From ANIMAL PEOPLE, November 1994:
Premarin maker on defensive
BRANDON, Manitoba––Wyeth-Ayerst is
worried about consumer response to the disclosure by
the Farm Animal Concerns Trust and ANIMAL
PEOPLE in early 1993 that its top-selling drug, the
estrogen supplement Premarin, comes from pregnant
mares’ urine, or PMU; that the great majority of the
75,000-plus foals born to the mares each year are sold
to slaughter; and that vegetable-based alternatives are
readily available. Premarin is now under boycott by
most major animal protection groups.
Wyeth-Ayerst now answers letters of protest
with copies of a report entitled Care and Management
of Horses at PMU Production Facilities, by consul-
tant Shauna Spurlock, DVM, who argues that the
ranchers, “place their foals as they always have. The
type of foals produced run the gambit from purebred
thoroughbred foals intended for the race track, to
quarter horse foals destined for the show ring, to draft
foals that may be used for light recreational work.

Some of the fillies are kept as replacement mares. It
is true and unavoidable,” Spurlock admits, “with a
thriving market for horsemeat in Europe and Asia,
that some of these foals will be bought for feed lots.
Each producer [she visited] acknowledged that was
the reality, but in no situation was the feedlot and
slaughter the primary or intended market.”
“How is it,” responds University of Prince
Edward Island horse expert Sharon Cregier, Ph.D.,
“that most of these foals from grade mares are so wel-
come in areas where papers, breeding, and registra-
tion count?” Spurlock also fails to explain how the
big draft mares favored for PMU production because
of their placid nature and high urine output manage to
give birth to “purebred thoroughbred foals” or quarter
horses in the first place; or how any destination other
than slaughter can be primary when the total horse
population of Canada is under 360,000, of whom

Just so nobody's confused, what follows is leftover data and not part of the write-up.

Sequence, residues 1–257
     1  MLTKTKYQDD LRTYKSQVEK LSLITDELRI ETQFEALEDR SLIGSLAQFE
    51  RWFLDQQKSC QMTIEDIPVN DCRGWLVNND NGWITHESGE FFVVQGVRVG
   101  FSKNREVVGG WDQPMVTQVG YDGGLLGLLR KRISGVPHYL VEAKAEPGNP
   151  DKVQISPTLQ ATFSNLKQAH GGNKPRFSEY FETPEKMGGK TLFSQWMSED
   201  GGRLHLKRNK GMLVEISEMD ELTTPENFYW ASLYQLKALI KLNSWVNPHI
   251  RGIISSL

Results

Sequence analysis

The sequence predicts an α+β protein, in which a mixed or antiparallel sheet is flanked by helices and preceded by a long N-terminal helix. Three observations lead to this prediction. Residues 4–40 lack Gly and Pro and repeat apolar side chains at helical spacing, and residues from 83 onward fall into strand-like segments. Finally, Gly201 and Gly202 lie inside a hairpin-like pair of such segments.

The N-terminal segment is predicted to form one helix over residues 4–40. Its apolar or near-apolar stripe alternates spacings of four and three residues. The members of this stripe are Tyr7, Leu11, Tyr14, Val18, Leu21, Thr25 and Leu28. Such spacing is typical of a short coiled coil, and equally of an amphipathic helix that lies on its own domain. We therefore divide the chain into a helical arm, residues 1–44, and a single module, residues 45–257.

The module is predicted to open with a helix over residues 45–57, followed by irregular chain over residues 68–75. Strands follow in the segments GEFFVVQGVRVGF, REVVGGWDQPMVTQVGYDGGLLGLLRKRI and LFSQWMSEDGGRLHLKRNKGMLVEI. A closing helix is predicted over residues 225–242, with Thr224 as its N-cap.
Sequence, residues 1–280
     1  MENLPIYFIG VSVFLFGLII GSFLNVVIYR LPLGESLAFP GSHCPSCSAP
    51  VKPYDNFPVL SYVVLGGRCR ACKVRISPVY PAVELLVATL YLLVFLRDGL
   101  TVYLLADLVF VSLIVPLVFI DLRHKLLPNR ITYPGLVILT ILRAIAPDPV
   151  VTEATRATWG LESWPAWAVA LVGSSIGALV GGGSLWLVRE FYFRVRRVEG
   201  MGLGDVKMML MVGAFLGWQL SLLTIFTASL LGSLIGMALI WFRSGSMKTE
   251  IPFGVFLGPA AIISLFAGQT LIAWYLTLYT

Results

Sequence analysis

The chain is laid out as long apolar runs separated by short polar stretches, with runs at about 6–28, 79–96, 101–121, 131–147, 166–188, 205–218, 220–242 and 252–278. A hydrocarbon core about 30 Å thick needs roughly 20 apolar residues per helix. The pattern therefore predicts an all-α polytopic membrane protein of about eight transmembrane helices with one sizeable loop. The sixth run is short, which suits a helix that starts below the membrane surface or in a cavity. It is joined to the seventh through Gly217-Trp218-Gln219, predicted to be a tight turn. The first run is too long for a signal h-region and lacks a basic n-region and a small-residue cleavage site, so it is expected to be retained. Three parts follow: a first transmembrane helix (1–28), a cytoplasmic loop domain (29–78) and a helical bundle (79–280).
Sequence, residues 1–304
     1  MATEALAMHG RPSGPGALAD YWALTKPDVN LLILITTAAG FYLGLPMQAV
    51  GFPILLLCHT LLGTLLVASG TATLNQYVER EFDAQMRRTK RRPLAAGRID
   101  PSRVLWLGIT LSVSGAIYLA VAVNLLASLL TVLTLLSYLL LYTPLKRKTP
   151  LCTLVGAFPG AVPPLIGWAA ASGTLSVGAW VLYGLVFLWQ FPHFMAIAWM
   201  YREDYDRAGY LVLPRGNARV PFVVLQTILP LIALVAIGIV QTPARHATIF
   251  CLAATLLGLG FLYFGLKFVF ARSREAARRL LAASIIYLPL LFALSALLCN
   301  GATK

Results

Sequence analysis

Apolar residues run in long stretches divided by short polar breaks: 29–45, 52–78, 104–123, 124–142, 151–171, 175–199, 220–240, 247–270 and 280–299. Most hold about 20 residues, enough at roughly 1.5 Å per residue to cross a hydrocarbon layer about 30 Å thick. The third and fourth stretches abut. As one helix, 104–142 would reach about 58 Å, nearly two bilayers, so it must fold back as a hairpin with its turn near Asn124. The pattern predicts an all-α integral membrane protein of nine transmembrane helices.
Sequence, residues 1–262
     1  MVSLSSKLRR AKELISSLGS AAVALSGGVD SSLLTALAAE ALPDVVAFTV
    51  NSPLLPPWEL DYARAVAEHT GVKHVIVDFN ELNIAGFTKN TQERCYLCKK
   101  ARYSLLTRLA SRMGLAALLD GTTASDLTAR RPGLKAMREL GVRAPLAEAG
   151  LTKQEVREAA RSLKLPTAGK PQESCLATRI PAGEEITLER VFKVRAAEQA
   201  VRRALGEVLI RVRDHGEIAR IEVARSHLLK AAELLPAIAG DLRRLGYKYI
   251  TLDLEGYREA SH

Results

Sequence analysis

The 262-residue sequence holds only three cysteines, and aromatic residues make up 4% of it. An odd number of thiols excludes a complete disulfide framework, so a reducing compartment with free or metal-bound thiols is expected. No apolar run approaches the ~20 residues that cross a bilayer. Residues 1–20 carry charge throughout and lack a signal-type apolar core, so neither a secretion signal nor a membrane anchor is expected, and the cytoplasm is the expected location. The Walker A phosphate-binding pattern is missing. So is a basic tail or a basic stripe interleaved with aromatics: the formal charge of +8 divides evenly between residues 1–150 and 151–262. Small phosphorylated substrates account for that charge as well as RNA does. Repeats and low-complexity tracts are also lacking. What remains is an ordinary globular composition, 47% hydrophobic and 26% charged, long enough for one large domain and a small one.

more than one in six is a PMU-producing mare.
Other Spurlock claims also seem spurious,
e.g. that PMU mares can lie down, when as Bonnie
Stoehn of the Redwings Horse Sanctuary in California
points out, photographs from the March 25, 1994
edition of Farmers’ Weekly clearly show PMU mares
head-chained so that they can’t lie down.
Horse notes
Attendance at the Arlington International
Racecourse in Illinois averaged 9,438 last year, down
from 16,414 in 1964. Gambling Entertainment TV, to
begin broadcasting next summer, hopes to reverse that
trend, devoting 12% of its projected schedule to
horseracing telecasts.
The International Equine Recovery Net
says 50,000 horses a year are stolen in the U.S.; in
1993 IERN assisted 1,458 horsetheft victims. Just 8%
of the horses were recovered. To obtain the IERN
Equine Recovery Handbook, call 1-800-842-8725.
Four horses reportedly died in three
days––two of heart attacks––at the 30th annual World
Championships of Cutter and Chariot Racing, held
recently in Ogden, Utah.
The Dutch-based Foundation for the
Preservation and Protection of the Przewalski
Horse has restored 20 of the rare wild horses––geneti-
cally distinct from domestic horses and mustangs––to
the Mongolian steppe, where they hadn’t run free in
25 years. Another 19 are to be released next year.
Earlier attempts by the Russian and Chinese govern-
ments to reintroduce the horse to its native habitat
have failed. The release site is within the 220,000-acre
Hustain Nuruu Reserve.
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